Something that newer readers may not know is that I am only half proud Newfoundlander Nan. The other half of me is proud Italian Nonna. There are many correlations between my two cultures, including fierce love of family, a passion for food and cooking, and the deep ties between the two.
On March 10, I lost one of the most importation people in my life. My Nonno (grandfather) passed away just shy of his 88th birthday. Nonno was a funny man who loved his family dearly, and loved to cook for us. He kindled my love of cooking.
Around noon, we started preparing the sauce. (That’s the trick to a good sauce – hours of simmering.) With the onions and meat frying on the stove, we set to grinding the tomatoes by hand.
Immediately after the sauce was simmering, we set to work on the meatballs; my Nonno’s own recipe. Once they were hand mixed and fried, we tossed them in the pot.
Next up was my sister and dad on the cutlets. Thinly sliced pieces of chicken and veal that Nonno had in his fridge were coated in breadcrumbs and cheese then fried. Normally Nonno cooked them on a gas stove, as my uncle pointed out when noting that ours weren’t as burned. But we made do with what we had.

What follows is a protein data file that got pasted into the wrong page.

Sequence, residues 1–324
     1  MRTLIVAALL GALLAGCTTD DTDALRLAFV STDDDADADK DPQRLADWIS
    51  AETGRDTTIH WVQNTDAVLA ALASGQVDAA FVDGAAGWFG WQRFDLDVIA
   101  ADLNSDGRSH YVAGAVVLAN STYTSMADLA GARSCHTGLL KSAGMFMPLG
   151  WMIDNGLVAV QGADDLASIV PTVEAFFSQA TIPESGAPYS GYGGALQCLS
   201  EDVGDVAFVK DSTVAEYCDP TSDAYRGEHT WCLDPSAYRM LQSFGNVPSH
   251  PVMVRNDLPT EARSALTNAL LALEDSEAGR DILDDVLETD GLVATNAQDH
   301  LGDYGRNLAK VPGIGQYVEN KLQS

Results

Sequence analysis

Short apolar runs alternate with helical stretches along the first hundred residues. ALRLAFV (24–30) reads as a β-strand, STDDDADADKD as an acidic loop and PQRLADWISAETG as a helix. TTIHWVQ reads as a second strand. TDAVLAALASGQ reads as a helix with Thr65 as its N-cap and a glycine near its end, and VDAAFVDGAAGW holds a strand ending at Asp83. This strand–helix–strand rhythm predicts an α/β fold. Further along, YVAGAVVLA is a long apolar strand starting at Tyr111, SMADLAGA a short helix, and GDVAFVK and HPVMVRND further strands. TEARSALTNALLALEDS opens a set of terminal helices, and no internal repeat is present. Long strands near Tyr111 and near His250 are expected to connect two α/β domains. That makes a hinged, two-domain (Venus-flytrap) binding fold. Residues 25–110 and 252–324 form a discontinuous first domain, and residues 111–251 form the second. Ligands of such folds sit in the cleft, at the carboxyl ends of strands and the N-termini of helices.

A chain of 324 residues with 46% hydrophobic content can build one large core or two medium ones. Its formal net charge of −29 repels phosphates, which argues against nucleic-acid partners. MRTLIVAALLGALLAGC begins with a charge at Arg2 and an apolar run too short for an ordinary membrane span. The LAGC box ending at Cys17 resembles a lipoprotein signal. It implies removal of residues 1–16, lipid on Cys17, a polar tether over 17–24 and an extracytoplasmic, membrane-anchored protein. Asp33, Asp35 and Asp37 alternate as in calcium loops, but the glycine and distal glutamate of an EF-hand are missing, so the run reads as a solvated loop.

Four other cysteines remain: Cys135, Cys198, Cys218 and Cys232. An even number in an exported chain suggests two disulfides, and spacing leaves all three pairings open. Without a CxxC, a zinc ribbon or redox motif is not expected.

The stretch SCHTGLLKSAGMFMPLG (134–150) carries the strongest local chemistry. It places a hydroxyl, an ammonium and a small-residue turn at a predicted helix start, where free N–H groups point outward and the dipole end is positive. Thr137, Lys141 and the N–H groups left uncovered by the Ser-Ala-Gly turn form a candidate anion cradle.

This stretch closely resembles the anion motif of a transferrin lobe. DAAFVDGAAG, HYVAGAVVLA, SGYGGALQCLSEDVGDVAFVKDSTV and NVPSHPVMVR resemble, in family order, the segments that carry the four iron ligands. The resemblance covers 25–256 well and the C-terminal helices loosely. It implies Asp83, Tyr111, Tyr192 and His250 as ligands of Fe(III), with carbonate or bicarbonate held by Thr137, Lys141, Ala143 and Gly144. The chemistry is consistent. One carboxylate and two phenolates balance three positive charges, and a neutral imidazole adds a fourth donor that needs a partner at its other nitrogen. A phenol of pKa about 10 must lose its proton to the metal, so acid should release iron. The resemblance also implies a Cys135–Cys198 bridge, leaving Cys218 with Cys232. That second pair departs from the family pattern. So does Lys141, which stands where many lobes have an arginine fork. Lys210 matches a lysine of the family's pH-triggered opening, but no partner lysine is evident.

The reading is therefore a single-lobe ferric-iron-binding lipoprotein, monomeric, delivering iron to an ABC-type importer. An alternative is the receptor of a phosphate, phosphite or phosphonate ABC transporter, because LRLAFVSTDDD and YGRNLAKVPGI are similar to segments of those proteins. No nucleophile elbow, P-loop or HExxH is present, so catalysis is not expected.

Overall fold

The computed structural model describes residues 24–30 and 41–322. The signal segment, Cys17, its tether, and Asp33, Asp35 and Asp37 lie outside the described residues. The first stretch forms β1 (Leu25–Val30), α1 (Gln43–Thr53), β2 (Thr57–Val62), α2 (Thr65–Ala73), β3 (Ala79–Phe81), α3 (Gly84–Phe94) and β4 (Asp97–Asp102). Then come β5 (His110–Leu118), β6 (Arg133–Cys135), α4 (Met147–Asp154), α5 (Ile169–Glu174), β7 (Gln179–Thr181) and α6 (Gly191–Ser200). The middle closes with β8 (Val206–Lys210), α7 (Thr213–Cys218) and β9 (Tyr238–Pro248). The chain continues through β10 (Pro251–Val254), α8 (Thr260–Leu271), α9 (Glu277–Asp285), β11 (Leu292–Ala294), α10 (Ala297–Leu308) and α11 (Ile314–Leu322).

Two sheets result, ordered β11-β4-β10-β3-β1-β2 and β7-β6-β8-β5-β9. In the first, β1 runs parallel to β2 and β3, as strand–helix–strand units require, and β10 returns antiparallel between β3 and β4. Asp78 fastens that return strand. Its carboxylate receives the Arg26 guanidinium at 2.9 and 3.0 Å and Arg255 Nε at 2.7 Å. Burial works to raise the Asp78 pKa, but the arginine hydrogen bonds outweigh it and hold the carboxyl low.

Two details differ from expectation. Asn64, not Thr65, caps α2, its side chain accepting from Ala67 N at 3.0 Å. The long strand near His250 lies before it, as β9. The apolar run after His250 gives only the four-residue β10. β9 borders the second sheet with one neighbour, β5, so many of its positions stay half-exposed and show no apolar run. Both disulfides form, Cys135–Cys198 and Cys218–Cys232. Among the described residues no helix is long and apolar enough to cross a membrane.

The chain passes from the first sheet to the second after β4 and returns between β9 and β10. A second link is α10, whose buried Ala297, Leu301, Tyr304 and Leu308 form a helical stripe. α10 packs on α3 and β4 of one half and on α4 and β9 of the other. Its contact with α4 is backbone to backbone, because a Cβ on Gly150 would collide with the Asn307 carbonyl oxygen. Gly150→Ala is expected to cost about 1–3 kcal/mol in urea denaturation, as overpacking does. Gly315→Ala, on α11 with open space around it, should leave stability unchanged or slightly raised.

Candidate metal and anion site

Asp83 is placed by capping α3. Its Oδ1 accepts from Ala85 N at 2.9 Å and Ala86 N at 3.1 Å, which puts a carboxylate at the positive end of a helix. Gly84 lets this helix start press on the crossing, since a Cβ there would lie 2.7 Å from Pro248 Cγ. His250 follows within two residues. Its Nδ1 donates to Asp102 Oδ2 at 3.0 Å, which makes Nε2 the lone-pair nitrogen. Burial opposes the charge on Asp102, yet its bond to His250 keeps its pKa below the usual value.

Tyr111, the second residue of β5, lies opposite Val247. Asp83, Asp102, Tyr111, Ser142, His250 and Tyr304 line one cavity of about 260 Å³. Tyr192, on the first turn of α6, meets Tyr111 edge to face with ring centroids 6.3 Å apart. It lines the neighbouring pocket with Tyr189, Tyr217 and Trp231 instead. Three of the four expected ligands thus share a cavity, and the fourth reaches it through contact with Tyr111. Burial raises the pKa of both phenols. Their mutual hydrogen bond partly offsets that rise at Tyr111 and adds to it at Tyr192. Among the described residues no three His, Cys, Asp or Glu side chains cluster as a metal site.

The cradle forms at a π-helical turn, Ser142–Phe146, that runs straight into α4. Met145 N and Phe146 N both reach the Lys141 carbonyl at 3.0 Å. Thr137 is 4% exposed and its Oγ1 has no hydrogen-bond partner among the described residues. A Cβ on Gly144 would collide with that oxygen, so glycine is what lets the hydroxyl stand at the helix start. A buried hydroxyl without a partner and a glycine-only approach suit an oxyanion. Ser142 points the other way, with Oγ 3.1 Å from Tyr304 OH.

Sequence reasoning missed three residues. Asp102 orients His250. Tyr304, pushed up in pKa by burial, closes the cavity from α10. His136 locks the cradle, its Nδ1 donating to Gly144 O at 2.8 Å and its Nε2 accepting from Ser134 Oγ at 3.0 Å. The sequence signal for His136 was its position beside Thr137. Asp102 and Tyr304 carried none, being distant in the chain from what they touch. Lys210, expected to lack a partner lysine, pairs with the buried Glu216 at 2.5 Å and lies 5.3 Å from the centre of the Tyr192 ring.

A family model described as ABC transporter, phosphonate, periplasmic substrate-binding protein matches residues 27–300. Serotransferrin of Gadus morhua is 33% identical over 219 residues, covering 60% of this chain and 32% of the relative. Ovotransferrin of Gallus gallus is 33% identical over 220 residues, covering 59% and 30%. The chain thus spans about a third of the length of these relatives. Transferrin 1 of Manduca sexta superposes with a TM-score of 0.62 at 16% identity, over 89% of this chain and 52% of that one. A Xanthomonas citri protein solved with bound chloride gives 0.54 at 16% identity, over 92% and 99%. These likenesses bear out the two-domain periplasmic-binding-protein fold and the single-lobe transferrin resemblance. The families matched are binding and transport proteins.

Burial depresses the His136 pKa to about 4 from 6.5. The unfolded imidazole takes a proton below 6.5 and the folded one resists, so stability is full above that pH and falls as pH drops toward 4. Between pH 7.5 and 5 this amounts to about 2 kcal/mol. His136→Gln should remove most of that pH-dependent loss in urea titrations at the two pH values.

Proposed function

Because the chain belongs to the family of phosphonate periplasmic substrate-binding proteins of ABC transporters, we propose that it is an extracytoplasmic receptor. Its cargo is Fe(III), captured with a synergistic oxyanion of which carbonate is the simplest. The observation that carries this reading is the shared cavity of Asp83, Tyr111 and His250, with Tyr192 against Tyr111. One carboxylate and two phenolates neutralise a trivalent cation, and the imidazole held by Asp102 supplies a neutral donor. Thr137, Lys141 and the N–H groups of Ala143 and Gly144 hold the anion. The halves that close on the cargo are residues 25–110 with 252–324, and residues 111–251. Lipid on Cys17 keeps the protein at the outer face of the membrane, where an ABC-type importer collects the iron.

Once the pasta was ready and the salad was made, the family sat down together – Nonno’s sons,daughters-in-law, grandchildren and significant others. We sat together and shared food and stories, laughing and remembering all the good times that kitchen and house had brought us.
For two weeks, my family and I stayed in that house. For the first week, we mourned losing him. The second week, we delicately sorted through his things. And every day, there was a hole in our lives. When we’d leave the house and come home to find it quiet and empty, it was like a punch right in the feels. It wasn’t right.
But for that one night, our family connected over his biggest gift to me – a love of food. And for one more night his house was full of life, laughter, and deliciousness. For one more night, he was with us.
Ti voglio bene, Nonno.